Laos is a member of the following international organizations: Agency for Cultural and Technical Cooperation (ACCT), Association of Southeast Asian Nations (ASEAN), ASEAN Free Trade Area (AFTA), ASEAN Regional Forum, Asian Development Bank, Colombo Plan, Economic and Social Commission for Asia and Pacific (ESCAP), Food and Agriculture Organization (FAO), G-77, International Bank for Reconstruction and Development (World Bank), International Civil Aviation Organization (ICAO), International Development Association (IDA), International Fund for Agricultural Development (IFAD), International Finance Corporation (IFC), International Federation of Red Cross and Red Crescent Societies, International Labor Organization (ILO), International Monetary Fund (IMF), Intelsat (nonsignatory user), Interpol, International Olympic Commission (IOC), International Telecommunications Union (ITU), Mekong Group, Non-Aligned Movement (NAM), Permanent Court of Arbitration (PCA), UN, United Nations Convention on Trade and Development (UNCTAD), United Nations Educational, Social and Cultural Organization (UNESCO), United Nations Industrial Development Organization (UNIDO), Universal Postal Union (UPU), World Federation of Trade Unions, World Health Organization (WHO), World Intellectual Property Organization (WIPO), World Meteorological Organization (WMO), World Tourism Organization, World Trade Organization (observer).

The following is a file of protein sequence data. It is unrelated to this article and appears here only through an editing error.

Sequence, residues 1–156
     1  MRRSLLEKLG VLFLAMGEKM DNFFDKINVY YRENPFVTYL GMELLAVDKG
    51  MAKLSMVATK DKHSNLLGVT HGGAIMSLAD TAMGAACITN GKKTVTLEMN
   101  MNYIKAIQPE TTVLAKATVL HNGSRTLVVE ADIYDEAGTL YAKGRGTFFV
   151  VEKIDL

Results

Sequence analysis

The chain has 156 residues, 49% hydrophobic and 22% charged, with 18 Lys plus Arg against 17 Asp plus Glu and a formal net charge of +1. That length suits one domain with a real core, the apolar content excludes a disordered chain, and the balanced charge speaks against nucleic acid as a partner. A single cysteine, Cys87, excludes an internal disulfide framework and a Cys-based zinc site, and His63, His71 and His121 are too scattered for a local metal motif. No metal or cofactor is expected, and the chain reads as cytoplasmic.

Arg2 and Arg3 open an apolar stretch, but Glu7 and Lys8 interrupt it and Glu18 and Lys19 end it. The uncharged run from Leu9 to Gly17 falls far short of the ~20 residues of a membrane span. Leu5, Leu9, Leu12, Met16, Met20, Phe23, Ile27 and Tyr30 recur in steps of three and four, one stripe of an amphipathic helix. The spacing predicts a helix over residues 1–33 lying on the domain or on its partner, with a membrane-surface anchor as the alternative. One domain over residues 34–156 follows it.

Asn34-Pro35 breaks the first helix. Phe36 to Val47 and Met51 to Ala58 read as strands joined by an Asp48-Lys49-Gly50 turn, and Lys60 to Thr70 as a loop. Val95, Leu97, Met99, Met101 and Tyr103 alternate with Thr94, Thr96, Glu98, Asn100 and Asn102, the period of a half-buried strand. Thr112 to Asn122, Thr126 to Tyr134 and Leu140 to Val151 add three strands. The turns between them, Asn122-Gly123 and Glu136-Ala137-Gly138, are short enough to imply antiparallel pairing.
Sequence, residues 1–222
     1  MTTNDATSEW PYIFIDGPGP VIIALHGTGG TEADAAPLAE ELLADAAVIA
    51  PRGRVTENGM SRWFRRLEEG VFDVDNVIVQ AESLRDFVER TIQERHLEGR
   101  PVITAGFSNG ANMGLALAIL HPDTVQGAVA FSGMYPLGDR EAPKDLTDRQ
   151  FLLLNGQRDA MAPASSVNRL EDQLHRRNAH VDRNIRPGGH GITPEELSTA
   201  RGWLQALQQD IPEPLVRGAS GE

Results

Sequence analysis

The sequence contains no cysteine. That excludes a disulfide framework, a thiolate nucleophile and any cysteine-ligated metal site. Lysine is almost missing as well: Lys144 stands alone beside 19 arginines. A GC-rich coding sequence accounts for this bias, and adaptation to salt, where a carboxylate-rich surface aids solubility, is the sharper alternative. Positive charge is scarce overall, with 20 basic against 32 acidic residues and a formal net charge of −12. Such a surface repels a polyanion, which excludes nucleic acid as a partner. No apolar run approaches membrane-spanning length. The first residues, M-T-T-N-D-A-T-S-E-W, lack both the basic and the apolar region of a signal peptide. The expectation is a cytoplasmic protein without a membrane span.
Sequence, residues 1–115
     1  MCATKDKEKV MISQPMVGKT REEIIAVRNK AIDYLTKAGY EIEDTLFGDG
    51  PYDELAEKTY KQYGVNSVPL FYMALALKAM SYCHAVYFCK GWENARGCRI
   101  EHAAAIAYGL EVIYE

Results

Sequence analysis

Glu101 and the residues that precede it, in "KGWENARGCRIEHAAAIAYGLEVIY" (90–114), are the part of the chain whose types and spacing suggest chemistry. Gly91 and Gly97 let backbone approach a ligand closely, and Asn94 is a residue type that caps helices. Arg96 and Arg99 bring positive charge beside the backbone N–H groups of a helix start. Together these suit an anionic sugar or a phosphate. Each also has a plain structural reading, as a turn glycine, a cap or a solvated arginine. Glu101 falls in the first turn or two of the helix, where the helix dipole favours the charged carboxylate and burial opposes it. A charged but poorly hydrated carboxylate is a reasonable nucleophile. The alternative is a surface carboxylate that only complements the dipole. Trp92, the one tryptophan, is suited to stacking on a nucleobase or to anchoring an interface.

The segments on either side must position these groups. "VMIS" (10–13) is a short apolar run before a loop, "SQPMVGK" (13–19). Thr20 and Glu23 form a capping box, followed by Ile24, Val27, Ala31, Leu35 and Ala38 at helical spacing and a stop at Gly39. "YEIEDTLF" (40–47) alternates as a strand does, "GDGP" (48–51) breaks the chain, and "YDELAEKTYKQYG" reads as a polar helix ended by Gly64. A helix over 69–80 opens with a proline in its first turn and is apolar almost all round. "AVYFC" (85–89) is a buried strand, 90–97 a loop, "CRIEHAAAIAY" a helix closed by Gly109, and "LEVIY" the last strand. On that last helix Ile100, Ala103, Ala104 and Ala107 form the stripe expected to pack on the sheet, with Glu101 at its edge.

The United States opened a legation in Laos in 1950. Although diplomatic relations were never severed, U.S.-Lao relations deteriorated badly in the post-Indochina War period. The relationship remained cool until 1982 when efforts at improvement began. For the United States, progress in accounting for Americans missing in Laos from the Vietnam War is a principal measure of improving relations. Counternarcotics activities also have become an important part of the bilateral relationship as the Lao Government has stepped up its efforts to combat cultivation; production; and transshipment of opium, heroin, and marijuana.
Since the late 1980s, progress in these areas has steadily increased. Joint U.S. and Lao teams have conducted a series of joint excavations and investigations of sites related to cases of Americans missing in Laos. In counternarcotics activities, the U.S. and Laos are involved in a multimillion-dollar crop substitution/integrated rural development program. Laos also has formed its own national committee on narcotics, developed a long-range strategy for counternarcotics activities, participated in U.S.-sponsored narcotics training programs, and strengthened law enforcement measures to combat the narcotics problem.
U.S. Government foreign assistance to Laos covers a broad range of efforts. Such aid includes support for Laos' efforts to suppress opium production; training and equipment for a program to clear and dispose of unexploded ordnance; school and hospital construction; public education about the dangers of unexploded ordnance and about HIV/AIDS; support for medical research on hepatitis. Economic relations also are expanding. In August 1997, Laos and the United States initialed a Bilateral Trade Agreement and a Bilateral Investment Treaty.